Open pixel area is a natural benefit of microLED display technology. In contrast to OLED displays, microLED displays can tolerate higher emitter current densities so the emissive area within each pixel can be much smaller while the lifetime and resolution tradeoff is largely avoided. In the microLED display with image capture implementation, there is no display brightness uniformity concern because all display pixels are identical whether or not the display pixel includes a microcamera. Microcamera die can be in the same plane as the microLED die or carriers so the display device remains thin. Further, extra cameras can be included in the display so the effective camera optical axis location can be moved adaptively based on the videoconferencing application content. Multiple simultaneous camera views also become feasible, enabling much better videoconferencing experiences in the future.
MicroLED displays need not use active-matrix backplanes, because the active matrix and display driving circuitry can be provided as part of the mass-transfer process. OLED displays use thin film active-matrix backplanes. MicroLED displays can essentially use printed circuit boards as backplanes and the active-matrix electronics can be either in the microLED carrier package or in other die, such as image sensor die. OLED displays could in principle be manufactured using both thin film processes and mass transfer production processes, but that would likely be overly complex and costly. The printed circuit board backplane structure used with microLED displays offers flexibility in terms of materials (e.g. need not be transparent or high temperature tolerant) and in signal and power routing (wider choice of conductors, insulators, thicknesses). One could imagine integrating lenses and thin film photosensor arrays on the OLED active-matrix substrate. To date, thin film photosensor array imaging performance is not close to the performance achievable with modern silicon CMOS image sensors in terms of visible light sensitivity, noise, minimum pixel size, response time, etc. The investment in optimizing silicon CMOS sensors far exceed that of thin-film image sensors. A huge amount of investment would be required to develop competitive quality thin film image sensing co-planar with OLEDs and using the thin film devices, if it is even feasible. Therefore, with OLED displays, the integrated camera implementations will be the “under-display” variety for the foreseeable future.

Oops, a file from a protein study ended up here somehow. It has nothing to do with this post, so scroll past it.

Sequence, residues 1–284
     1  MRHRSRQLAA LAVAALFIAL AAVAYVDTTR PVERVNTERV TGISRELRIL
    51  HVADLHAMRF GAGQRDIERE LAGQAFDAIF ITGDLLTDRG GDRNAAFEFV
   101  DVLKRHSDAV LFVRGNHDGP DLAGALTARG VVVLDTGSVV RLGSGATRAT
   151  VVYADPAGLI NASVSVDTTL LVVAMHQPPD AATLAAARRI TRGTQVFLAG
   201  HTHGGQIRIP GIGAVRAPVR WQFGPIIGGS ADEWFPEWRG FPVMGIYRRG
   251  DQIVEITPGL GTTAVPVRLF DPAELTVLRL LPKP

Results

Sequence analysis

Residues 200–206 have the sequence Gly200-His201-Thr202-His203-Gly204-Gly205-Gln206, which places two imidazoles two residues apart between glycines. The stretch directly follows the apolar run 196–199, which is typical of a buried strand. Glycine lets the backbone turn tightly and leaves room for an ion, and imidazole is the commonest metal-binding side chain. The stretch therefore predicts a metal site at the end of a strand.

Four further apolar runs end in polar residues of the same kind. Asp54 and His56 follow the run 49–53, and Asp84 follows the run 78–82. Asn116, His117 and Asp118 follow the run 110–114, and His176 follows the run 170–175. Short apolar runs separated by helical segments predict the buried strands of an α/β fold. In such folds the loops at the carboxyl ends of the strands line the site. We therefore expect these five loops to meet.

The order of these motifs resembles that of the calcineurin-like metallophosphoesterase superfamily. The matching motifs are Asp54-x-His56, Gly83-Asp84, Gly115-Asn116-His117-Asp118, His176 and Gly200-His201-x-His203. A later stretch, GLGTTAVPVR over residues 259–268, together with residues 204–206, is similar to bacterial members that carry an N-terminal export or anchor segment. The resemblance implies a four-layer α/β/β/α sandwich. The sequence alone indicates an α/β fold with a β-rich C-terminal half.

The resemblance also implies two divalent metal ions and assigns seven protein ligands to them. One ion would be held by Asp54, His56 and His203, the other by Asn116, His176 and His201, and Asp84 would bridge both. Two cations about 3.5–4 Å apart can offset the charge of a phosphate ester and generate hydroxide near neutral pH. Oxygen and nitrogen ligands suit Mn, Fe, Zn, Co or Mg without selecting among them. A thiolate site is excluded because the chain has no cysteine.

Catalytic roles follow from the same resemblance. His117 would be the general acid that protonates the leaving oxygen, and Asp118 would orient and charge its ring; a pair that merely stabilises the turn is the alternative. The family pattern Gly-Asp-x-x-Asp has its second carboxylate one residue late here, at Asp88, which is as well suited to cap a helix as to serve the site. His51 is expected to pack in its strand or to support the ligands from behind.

The feasibility of a microLED display with integrated microcamera arrays still needs to be proven. Beyond the well-known challenges of the microLED mass transfer process, there are numerous challenges to be overcome, notably real-time processing to synthesize a high-resolution image from the multiple low-resolution images captured by the microcameras. However, several feasibility demonstrations of high quality images synthesized from microcamera arrays and the rapid advancement of graphics and video processors suggests that the challenges are likely to be overcome very soon.
For more information about technology for microLED displays with embedded image capture, contact David Slobodin, founder of IdeaFarm LLC, at email@example.com. The patented technology is available from IdeaFarm for purchase or license.